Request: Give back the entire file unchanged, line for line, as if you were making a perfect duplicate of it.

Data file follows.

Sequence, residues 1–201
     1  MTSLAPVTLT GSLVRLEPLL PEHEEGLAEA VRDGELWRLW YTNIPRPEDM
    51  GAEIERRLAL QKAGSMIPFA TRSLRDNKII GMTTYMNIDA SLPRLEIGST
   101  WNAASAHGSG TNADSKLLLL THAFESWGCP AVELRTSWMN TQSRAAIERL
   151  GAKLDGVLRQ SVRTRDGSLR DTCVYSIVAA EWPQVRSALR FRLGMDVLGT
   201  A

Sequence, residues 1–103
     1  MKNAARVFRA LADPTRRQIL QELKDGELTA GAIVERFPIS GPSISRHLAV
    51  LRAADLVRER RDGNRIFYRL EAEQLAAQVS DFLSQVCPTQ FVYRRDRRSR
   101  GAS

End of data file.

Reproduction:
Sequence, residues 1–201
     1  MTSLAPVTLT GSLVRLEPLL PEHEEGLAEA VRDGELWRLW YTNIPRPEDM
    51  GAEIERRLAL QKAGSMIPFA TRSLRDNKII GMTTYMNIDA SLPRLEIGST
   101  WNAASAHGSG TNADSKLLLL THAFESWGCP AVELRTSWMN TQSRAAIERL
   151  GAKLDGVLRQ SVRTRDGSLR DTCVYSIVAA EWPQVRSALR FRLGMDVLGT
   201  A

Sequence, residues 1–103
     1  MKNAARVFRA LADPTRRQIL QELKDGELTA GAIVERFPIS GPSISRHLAV
    51  LRAADLVRER RDGNRIFYRL EAEQLAAQVS DFLSQVCPTQ FVYRRDRRSR
   101  GAS